The sizeable valuation gap which currently exists between public and private real estate is perhaps the largest in history, potentially making the current environment one of the best for investors to increase or initiate exposure to publicly traded real estate. For clarification purposes, we will define public real estate as a listed or traded Real Estate Investment Trust (REIT) which is a company that owns, operates or finances income-producing real estate. These companies must meet certain requirements to qualify as REITs. And as implied by the term “listed” or “traded”, these REITs have common shares that trade on stock exchanges with the most common being the New York Stock Exchange (NYSE). For discussion purposes, private real estate relates to private real estate funds or REITs that are non-traded. In either case, returns are not market-based, but are calculated monthly or quarterly, usually predicated upon an appraisal or similarly derived private market valuation methodology.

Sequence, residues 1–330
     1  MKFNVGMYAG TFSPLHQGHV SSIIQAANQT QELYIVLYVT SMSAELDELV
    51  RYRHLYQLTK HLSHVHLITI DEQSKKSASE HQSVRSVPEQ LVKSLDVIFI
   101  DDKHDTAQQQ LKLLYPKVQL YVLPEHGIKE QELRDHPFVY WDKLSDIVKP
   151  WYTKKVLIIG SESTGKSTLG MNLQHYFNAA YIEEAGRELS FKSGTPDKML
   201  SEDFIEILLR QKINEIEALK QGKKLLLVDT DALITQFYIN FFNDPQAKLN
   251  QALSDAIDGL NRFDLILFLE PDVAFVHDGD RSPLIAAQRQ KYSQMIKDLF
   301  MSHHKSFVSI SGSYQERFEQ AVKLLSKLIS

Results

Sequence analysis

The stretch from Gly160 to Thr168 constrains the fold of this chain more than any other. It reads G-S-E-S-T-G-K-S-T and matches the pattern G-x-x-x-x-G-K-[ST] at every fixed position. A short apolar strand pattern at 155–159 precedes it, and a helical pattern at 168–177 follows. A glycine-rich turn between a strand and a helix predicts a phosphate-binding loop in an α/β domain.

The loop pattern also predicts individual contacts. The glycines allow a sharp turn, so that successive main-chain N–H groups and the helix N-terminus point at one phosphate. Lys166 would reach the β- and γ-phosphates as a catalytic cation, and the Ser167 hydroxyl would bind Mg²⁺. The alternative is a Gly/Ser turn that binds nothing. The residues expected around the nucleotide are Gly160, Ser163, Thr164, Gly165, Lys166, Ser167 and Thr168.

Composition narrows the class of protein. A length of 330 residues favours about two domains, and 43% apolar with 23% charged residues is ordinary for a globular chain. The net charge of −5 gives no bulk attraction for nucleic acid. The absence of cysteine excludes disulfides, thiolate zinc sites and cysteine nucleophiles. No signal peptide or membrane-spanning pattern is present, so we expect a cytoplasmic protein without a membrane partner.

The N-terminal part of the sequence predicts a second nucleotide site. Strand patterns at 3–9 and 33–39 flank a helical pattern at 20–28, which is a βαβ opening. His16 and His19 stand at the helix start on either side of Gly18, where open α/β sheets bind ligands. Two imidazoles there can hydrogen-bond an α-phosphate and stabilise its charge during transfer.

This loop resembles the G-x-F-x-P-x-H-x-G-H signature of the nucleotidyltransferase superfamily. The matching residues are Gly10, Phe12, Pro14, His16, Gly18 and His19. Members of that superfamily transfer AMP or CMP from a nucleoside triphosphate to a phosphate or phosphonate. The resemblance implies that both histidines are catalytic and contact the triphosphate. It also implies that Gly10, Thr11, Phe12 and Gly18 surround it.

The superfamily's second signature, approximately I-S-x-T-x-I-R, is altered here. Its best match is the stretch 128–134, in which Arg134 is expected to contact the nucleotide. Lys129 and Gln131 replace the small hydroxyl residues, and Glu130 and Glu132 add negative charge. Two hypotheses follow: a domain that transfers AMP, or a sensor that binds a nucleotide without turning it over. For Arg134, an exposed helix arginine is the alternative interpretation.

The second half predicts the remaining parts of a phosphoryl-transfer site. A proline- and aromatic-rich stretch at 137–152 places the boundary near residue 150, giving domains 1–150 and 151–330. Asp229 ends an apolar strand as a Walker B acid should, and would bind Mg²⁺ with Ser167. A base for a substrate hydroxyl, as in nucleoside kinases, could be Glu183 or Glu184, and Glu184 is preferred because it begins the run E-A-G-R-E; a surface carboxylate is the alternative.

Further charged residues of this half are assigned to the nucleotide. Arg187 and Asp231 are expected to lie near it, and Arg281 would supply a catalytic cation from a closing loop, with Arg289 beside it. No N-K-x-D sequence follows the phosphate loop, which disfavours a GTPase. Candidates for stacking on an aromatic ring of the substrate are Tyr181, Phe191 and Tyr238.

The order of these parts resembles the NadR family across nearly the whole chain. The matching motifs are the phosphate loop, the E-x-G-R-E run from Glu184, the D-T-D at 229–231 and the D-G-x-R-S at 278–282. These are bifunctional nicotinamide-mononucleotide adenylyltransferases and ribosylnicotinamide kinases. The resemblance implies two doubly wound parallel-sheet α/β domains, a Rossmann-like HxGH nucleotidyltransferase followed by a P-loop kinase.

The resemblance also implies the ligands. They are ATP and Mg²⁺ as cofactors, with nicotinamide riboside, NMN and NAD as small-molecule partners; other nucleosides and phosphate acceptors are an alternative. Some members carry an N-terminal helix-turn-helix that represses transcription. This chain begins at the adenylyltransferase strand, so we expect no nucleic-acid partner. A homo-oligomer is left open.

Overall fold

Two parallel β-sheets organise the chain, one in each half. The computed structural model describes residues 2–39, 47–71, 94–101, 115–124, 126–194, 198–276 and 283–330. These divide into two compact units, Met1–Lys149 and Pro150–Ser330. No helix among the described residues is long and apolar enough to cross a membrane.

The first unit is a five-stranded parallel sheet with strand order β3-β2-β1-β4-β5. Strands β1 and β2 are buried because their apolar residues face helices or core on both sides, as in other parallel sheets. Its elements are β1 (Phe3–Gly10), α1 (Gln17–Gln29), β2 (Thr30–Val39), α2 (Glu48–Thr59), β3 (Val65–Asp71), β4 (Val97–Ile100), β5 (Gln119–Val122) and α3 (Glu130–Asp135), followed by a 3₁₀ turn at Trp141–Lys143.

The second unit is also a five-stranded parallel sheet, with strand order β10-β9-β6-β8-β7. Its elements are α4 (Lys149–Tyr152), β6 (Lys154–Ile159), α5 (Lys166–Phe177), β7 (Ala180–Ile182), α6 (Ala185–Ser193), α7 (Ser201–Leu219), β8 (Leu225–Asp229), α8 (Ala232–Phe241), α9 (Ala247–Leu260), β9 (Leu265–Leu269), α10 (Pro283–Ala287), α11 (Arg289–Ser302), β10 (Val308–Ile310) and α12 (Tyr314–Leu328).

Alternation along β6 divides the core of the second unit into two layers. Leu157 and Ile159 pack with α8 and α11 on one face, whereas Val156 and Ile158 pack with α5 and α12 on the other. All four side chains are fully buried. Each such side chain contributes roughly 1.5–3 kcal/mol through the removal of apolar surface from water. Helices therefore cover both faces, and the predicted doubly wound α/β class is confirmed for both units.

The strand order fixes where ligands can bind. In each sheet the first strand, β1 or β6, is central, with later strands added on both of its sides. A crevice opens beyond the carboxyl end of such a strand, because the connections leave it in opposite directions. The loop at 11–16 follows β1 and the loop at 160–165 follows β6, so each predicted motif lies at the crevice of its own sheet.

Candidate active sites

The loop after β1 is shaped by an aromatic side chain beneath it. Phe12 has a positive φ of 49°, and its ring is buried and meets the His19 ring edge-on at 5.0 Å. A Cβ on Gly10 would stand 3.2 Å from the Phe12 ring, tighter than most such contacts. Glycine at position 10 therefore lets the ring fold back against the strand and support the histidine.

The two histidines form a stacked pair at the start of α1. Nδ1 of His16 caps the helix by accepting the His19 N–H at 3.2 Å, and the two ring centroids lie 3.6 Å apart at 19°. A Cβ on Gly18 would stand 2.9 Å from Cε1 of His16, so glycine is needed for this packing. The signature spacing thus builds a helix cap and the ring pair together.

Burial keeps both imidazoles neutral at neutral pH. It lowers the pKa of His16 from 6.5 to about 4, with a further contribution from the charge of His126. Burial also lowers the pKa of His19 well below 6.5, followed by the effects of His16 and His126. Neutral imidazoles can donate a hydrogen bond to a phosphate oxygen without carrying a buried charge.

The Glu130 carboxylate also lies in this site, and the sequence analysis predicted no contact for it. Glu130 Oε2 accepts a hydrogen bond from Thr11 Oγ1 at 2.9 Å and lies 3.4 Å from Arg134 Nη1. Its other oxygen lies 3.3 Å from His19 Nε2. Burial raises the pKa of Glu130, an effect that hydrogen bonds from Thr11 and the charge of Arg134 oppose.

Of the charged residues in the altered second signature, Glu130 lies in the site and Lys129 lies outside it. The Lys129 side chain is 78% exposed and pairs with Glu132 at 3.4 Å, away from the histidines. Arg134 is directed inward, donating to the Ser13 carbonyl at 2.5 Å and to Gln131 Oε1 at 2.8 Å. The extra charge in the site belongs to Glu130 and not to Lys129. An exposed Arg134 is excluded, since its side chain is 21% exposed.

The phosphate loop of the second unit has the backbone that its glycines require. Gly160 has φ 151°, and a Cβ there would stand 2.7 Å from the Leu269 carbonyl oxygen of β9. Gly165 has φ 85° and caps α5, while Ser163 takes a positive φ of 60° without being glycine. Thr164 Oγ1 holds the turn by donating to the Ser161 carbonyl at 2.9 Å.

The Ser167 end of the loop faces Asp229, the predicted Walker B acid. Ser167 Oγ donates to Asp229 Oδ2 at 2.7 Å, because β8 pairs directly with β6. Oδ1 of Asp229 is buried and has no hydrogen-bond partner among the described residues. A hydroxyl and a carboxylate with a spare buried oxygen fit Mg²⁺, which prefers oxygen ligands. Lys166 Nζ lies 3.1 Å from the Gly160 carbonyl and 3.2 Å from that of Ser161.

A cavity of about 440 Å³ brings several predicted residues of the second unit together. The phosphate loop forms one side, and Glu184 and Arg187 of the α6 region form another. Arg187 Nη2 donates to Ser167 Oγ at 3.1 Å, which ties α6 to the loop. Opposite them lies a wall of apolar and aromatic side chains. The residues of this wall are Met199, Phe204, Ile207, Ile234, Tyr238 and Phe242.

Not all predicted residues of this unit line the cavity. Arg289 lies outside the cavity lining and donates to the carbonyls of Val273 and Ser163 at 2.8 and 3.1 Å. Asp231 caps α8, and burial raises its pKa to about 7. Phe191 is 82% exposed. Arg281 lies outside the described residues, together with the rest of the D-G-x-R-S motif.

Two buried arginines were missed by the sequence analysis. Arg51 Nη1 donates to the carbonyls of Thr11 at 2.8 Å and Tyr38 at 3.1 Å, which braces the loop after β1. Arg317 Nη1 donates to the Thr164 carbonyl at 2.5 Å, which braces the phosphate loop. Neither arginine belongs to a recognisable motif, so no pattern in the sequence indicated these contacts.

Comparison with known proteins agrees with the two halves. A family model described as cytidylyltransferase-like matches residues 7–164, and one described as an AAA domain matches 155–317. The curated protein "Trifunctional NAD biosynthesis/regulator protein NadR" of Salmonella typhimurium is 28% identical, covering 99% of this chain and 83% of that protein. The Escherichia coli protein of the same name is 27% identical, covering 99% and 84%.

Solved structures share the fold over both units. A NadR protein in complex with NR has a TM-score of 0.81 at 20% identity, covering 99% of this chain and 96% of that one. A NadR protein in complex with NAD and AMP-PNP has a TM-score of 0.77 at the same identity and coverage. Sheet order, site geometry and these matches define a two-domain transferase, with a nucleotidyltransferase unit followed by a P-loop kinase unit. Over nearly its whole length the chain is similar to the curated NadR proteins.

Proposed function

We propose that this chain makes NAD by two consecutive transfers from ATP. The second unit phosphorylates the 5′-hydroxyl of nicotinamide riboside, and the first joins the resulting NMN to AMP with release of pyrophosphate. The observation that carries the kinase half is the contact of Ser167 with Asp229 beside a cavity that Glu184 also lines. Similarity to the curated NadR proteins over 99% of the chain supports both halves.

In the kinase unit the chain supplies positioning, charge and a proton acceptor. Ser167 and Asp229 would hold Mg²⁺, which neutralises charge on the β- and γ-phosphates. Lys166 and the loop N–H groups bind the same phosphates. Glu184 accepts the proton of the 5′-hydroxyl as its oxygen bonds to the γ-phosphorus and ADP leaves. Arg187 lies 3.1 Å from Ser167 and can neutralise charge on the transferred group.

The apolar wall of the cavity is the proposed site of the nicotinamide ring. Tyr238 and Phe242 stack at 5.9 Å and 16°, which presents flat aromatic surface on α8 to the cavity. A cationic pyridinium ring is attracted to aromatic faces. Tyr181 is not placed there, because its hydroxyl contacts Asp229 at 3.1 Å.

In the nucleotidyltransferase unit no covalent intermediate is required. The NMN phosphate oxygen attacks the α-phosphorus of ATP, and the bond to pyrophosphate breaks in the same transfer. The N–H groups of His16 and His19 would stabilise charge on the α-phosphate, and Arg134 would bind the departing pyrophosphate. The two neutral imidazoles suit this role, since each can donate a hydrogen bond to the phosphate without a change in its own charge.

One simple valuation tool for describing and comparing real estate values is the implied capitalization (cap) rate which is equivalent to the net operating income of the real estate divided by the “implied” value of the real estate. Implied cap rate is to real estate, as the price-to-earnings ratio (P/E) is to traditional common stocks and thus is a good starting point for thinking about value on an absolute and relative basis. Traded REITs, like their listed c-corp brethren, can be thought of as forward discounting mechanisms which are pretty good at capturing and pricing market risks and expectations in an efficient manner – think efficient market hypothesis. As such, traded REIT pricing was quick to reflect the changing interest rate path put forth by the Federal Reserve in early 2022 when interest rates were still low, and inflation began to ramp up. With REIT implied cap rates significantly higher than private real estate transaction and appraisal cap rates, the attractiveness of publicly traded REITs has increased, and REITs offer investors access to institutional quality properties with best-in-class operators at substantially discounted prices relative to the private market. [i]